Our Shelf Free E-Books group has long thought that libraries should be explaining to their customers and to their elected members why the range of e-book lending titles we have to offer is not as good as it could be. We have hesitated for various reasons including not wanting to drive potential users away but wishing to keep the dialogue with book trade partners as civilized and open as possible. Now that the Sieghart e-lending review has reported, we feel that it is time to set out a positive position statement and look forward to the envisaged pilots with publishers to test e-lending models. Libraries, library customers and elected members should now expect that practical progress will now be made this year. For any authorities who wish to use it, we put forward for consideration the following statement:
The Future of Public Library E-Book Services and the Range of Titles Provided
- Public Libraries are very keen to meet the opportunities and challenges of providing e-books for loan. Already we provide a wide range of e-resources and reference information online but our ability to provide a range of e-books has been severely limited.
- For, example, did you know that of the top 50 bestselling e-books last year 85% of them were not made available by publishers for libraries to provide?
- We do acknowledge that there are good reasons why publishers have been cautious – their business models have been radically changed by the shift in the market from hard copy to digital. Their worry has been that a loan of an e-book from a library is a lost sale and lost income.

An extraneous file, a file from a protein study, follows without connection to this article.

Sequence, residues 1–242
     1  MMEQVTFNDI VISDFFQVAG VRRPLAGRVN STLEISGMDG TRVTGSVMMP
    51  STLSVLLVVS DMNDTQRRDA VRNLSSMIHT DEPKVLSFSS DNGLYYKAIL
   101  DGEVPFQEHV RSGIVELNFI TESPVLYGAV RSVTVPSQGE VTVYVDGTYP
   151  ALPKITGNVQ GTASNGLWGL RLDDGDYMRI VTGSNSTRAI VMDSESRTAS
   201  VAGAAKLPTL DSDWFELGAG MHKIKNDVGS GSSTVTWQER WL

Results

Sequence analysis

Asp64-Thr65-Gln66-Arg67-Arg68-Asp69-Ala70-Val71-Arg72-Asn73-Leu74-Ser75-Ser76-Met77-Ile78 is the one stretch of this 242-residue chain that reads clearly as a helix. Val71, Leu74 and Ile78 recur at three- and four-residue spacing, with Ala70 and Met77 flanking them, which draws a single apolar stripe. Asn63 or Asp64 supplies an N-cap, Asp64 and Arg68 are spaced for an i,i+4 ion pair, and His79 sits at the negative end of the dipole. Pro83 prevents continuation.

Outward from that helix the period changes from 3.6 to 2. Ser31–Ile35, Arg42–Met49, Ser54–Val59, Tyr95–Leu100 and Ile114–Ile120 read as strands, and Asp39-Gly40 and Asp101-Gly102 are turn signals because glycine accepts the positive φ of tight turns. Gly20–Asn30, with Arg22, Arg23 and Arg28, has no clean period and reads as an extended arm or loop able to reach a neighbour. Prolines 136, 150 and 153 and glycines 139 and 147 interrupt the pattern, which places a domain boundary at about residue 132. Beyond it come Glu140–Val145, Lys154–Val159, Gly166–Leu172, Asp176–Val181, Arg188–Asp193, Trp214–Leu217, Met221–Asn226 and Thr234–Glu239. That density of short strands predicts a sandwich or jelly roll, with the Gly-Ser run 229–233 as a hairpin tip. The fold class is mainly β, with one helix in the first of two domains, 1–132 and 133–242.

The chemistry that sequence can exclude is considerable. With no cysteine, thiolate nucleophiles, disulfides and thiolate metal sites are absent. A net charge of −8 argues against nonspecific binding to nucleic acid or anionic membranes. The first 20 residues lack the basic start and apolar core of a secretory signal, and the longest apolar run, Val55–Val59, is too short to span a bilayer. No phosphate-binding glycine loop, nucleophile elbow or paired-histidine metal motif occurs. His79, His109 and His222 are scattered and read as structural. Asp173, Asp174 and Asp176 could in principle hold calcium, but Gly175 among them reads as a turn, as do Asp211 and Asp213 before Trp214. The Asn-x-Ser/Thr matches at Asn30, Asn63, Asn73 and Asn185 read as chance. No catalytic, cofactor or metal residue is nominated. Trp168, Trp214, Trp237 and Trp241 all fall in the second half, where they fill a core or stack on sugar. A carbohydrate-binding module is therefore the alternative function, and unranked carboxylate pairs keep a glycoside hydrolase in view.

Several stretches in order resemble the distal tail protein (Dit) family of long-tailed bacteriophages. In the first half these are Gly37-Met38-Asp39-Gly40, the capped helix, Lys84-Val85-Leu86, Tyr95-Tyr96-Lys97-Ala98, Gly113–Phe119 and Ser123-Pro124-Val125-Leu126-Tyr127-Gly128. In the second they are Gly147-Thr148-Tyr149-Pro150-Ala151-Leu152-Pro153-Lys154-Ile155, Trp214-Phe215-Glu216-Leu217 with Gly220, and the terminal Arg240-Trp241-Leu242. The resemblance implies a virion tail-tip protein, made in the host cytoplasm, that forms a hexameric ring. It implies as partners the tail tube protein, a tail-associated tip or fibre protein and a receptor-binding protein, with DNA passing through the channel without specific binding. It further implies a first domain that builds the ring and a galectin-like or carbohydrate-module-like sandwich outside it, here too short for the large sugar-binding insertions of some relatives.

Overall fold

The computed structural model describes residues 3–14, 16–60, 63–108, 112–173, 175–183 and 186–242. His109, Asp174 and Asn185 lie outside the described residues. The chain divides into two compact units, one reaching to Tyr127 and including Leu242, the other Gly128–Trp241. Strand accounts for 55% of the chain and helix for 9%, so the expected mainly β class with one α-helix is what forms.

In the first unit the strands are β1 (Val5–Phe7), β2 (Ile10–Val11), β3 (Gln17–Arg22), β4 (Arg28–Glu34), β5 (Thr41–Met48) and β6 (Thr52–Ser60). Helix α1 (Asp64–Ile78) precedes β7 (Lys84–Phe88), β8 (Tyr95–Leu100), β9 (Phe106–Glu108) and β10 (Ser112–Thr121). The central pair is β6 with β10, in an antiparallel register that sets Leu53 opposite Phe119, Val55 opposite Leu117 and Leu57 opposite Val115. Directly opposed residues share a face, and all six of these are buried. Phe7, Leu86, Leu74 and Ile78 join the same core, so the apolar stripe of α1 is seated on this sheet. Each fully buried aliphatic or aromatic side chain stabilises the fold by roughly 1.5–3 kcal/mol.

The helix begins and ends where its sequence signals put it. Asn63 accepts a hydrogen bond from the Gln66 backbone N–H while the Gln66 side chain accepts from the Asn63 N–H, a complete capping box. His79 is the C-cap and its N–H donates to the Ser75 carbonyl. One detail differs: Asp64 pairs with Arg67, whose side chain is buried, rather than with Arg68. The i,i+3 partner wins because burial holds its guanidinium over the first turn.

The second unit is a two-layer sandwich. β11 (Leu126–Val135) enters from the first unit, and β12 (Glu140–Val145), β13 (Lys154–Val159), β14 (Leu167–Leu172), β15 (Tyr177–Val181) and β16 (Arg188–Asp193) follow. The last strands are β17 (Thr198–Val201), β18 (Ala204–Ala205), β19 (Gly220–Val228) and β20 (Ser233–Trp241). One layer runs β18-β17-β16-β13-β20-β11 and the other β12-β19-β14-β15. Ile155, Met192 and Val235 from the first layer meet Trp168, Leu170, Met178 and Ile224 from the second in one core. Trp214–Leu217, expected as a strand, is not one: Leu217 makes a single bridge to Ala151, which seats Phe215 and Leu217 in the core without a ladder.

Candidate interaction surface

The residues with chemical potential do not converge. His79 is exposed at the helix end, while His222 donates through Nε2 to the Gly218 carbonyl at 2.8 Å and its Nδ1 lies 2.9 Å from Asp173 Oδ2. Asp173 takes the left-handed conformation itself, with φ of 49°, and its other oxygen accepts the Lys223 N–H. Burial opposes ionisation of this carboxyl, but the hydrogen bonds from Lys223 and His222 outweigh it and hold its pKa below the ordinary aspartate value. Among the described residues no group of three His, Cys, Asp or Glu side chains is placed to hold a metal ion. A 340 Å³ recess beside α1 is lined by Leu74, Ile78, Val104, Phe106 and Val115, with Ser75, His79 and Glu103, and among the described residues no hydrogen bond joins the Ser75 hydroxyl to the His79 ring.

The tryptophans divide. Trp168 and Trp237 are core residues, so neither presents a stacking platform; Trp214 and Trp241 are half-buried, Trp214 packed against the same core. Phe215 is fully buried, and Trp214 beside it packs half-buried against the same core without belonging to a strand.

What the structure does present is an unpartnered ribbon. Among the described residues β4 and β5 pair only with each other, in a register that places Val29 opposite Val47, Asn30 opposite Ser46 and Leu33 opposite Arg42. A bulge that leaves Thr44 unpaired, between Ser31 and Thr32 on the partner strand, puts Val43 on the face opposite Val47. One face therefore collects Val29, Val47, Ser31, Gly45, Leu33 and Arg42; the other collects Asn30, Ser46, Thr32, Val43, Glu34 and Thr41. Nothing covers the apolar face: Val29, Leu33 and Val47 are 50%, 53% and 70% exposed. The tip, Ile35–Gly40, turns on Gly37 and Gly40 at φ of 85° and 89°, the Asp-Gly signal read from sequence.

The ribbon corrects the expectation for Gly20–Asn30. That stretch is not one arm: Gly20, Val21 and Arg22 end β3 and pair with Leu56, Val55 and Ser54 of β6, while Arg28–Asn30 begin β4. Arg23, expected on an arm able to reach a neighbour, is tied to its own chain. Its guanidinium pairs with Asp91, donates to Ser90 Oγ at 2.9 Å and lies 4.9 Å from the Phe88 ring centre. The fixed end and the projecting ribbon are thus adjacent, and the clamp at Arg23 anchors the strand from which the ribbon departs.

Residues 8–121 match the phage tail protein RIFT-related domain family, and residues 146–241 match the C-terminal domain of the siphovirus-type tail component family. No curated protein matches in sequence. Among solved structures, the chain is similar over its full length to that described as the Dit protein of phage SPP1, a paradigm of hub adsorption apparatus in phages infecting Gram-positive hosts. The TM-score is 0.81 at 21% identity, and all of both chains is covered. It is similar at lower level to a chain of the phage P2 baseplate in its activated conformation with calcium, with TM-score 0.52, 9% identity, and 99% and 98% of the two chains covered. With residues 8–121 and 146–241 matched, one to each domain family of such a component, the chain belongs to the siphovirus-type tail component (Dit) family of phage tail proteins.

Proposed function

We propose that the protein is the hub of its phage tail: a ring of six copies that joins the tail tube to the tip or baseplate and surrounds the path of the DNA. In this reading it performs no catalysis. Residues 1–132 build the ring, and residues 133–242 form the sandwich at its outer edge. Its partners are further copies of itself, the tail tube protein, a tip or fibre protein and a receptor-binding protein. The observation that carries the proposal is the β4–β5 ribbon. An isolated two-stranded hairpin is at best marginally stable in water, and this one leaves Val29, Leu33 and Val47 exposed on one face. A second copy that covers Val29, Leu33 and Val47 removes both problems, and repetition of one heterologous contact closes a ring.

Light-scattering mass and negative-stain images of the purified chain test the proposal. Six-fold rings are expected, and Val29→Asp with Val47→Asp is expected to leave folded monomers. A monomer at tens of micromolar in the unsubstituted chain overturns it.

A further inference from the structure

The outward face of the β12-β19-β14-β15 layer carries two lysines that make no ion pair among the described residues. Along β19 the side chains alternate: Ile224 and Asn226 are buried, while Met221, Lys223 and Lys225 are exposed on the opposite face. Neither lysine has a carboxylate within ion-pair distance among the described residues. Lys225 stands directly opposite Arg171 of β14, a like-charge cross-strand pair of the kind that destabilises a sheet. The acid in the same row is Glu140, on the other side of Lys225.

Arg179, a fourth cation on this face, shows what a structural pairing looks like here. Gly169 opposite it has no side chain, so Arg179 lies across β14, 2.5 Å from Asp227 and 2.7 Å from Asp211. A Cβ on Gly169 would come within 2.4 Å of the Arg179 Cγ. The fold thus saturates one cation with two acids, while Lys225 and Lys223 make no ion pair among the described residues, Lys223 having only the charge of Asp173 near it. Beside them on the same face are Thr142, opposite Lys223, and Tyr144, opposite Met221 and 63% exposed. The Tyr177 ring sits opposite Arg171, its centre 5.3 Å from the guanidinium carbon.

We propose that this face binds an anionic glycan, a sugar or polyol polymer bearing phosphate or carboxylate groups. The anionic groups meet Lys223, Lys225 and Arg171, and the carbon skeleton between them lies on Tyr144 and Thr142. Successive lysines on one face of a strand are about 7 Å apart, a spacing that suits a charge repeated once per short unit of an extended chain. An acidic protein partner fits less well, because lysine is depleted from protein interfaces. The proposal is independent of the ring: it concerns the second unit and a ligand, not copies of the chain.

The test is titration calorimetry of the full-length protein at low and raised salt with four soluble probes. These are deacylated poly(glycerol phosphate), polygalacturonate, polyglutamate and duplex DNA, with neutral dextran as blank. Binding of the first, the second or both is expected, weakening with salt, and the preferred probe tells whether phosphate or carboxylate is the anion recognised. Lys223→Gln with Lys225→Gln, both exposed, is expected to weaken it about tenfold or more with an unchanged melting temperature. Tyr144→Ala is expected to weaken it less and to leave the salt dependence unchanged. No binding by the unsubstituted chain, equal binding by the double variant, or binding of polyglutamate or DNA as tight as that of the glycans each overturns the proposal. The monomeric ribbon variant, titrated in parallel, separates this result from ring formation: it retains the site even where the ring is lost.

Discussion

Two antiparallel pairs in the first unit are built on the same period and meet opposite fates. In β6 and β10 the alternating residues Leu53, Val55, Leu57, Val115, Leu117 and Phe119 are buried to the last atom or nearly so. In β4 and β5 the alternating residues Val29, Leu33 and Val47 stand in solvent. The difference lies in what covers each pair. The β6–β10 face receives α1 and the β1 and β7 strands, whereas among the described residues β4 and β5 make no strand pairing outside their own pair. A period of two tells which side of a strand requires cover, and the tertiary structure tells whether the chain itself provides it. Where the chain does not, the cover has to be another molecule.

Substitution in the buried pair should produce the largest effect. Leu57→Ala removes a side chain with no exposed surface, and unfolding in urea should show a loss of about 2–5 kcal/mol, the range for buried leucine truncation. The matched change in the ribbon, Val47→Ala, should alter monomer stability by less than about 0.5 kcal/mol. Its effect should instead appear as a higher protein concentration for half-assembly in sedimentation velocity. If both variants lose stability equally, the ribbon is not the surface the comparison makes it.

- While this concern, particularly after the difficult experience of the music industry, is understandable, it is for libraries and for our customers clearly untenable. A recent e-lending review set up by the Government agrees and has called for libraries to provide free e-book services remotely, for Public Lending Right to be extended to e-books and, crucially, for the interests of publishers and booksellers to be protected. This would be by a number of ‘frictions’ or limitations such as a one copy/one loan model and by licensing of e-books for a set number of loans.
- Public Libraries are committed to work with publishers on the basis of these recommendations to set up pilots in 2013 to test the detail of business models.
- We firmly believe that libraries can work together with publishers and booksellers to build the e-book marketplace and that we have unique contributions to make. We fully acknowledge the immense support publishers have given libraries in the past and their present good will and desire to find practical solutions.
- We call on all publishers to work with us to ensure that a full range of published e-books is made available to library customers in future.
- If you feel strongly about these matters and wish to support libraries in their development of e-book services, please do make your views known.
Shelf Free E-Book Group – June 2013
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